08
Jun
09

Links for today | Links para hoje


Renee Barnes is a radio journalist in Australia; she also teaches online journalism there. In her blog News Frontier, she recently asked readers to rank eight skills, or skill sets, for new journalists:

  1. Evidence of blogging and interaction with a wide range of blogs
  2. An understanding and active use of social media (Twitter, RSS, social bookmarking etc.)
  3. The ability to tell an engaging story using still images and audio (audio slideshow)
  4. Ability to shoot, edit and tell stories using video
  5. Basic ability to create interactive story elements using Adobe Flash
  6. Ability edit audio and produce podcasts
  7. Ability to file from the field breaking news
  8. Ability to moderate online discussion

Actually, Barnes said “online journalists,” but I think that means ALL journalists.

Mark Glaser, Executive editor of PBS MediaShift, sent out 10 great tweets over the weekend, from his hospital bed, about ways to save newspapers. Here they are…

“My 10 step plan for local newspapers to survive and thrive in the digital age (without pay walls)…

  1. Do custom small print runs targeted to neighborhoods and interests. Not daily.
  2. Become support for local writers, reporters and bloggers; help market them, sell their ads; decentralize operation
  3. Replace circ, printing, print production staff with tech, SEO, community managers

I am completely biased in this post because of my own studies in journalism. That said:

Newspapers are downsizing. Jobs are being cut. The journalism field is in the midst of a re-invention. Despite the landscape and view people may hold when they think of today’s journalism, enrollment in journalism school has INCREASED!

Recently on the Mizzou Mafia’s list serv (we do exist), an alum wrote about her frustration when a prospective freshman asked her about a career in journalism. She just felt like she couldn’t encourage the girl to go into a field that she felt was losing hope.

However, when my High School Senior, Class of 2009 cousin asked me about it the other weekend, I was thrilled. I still encourage perspective students and recent grads to continue in the field of journalism. To provide evidence as to why and to help spread hope in the journalism field, I write this letter:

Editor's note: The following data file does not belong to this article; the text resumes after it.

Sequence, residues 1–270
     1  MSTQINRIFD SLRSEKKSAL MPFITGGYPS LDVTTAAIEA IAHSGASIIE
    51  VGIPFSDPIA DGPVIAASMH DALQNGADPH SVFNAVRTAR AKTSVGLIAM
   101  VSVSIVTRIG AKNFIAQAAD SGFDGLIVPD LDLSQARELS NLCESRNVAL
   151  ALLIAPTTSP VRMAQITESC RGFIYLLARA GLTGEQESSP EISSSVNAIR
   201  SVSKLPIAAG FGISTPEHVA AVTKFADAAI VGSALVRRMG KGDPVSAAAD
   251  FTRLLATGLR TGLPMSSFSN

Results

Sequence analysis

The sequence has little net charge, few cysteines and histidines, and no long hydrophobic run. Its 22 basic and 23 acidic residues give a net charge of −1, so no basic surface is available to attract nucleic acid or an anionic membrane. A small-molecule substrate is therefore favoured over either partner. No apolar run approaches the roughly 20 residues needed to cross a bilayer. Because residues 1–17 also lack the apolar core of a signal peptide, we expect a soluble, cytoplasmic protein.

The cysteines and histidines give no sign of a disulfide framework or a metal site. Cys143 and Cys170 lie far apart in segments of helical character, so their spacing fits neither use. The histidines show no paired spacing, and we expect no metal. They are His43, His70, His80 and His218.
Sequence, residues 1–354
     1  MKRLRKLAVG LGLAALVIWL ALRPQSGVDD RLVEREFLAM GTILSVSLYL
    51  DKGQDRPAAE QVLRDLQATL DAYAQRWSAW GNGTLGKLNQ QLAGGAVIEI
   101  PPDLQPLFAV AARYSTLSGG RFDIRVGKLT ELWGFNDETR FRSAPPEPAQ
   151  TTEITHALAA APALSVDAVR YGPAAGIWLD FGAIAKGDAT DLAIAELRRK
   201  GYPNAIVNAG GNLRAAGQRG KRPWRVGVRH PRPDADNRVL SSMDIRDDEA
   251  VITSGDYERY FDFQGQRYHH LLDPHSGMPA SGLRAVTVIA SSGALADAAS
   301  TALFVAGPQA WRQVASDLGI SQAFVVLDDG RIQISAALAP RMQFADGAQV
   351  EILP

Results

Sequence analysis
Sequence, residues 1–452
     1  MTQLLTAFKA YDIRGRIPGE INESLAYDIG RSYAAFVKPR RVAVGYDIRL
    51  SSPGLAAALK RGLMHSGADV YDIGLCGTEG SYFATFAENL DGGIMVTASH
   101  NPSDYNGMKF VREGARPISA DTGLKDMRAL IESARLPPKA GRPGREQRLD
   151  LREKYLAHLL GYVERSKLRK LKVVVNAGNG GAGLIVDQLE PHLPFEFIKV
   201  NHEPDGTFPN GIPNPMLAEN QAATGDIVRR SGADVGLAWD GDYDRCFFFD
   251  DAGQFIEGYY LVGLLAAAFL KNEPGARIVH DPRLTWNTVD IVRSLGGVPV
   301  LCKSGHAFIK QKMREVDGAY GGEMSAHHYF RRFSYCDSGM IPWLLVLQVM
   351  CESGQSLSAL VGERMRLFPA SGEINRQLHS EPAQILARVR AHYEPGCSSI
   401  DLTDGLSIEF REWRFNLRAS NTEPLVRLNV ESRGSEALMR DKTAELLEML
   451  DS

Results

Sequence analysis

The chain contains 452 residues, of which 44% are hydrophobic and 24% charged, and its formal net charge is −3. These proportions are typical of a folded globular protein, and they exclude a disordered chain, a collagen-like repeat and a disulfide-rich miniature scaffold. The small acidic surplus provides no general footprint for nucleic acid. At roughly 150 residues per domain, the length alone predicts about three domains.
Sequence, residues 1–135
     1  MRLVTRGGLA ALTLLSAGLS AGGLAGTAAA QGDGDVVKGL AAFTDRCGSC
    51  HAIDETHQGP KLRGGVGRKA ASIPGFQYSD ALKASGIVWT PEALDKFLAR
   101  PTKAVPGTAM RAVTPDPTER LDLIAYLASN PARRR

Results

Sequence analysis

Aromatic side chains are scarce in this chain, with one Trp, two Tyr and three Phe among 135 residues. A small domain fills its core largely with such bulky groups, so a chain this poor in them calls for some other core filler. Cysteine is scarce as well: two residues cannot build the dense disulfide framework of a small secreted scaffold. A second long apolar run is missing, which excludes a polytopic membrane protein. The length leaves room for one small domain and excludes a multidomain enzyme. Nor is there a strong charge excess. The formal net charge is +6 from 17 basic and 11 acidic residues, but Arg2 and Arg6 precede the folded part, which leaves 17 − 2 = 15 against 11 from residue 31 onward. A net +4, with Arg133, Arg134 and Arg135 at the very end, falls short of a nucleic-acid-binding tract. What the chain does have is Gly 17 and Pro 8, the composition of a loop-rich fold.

Dear May 2009 Graduate,

Here are 40 reasons to still study journalism: (…)

Xark’s Dan Conover, evidently a newspaperman, writes in “The newspaper suicide pact” about the mountain of bullshit that has entered the discussion about the future of newspaper business-models. This is some of the clearest, most interesting, best-referenced criticism of the newspaper industry’s thrash-and-FUD I’ve read:

Newspapers that are turning to paywall plans today are gambling on a risky revenue stream that even the experts aren’t predicting will provide a replacement to their lost advertising revenues (their biggest financial problem is the rapid decline in advertising rates, not the slow decline in print circulation). It’s a “well, we’ve got to do SOMETHING” solution, not a logical, do-the-math solution. And since since most media companies are owned by shareholders, the resulting loss of confidence could be catastrophic.(…)

They don’t get it. They don’t want to get it. And in many cases, they’re literally paid not to get it.

So here’s the real punchline: Advertising ends up having nothing to do with media. They become decoupled. Audience no longer yields advertising. Hell, advertising isn’t advertising. It’s relationships. Media only get in the way. There’s the corner we’re painted into, the chaos scenario, perhaps the doomsday scenario for media.

The newspaper industry’s fundamental problem, Moody’s Vice President and Senior Analyst John Puchalla writes in the report, is that is spending far too much on producing and delivering a printed paper than on creating its content and selling the product.

Moody’s calls it a “structural disconnect” with just 14% of cash operating costs, on average, devoted to content creation, while about 70% of costs are devoted to printing, distribution and corporate functions. The remaining 16% of costs are related to advertising sales — another example of devoting too few resources to the principal revenue driver.

“This disconnect is a legacy of the industry’s vertical integration beyond content creation and into the production and distribution of newspapers,” Puchalla said.

The high fixed costs — combined with high debt among many newspaper companies — is squeezing cash flow as revenue declines.



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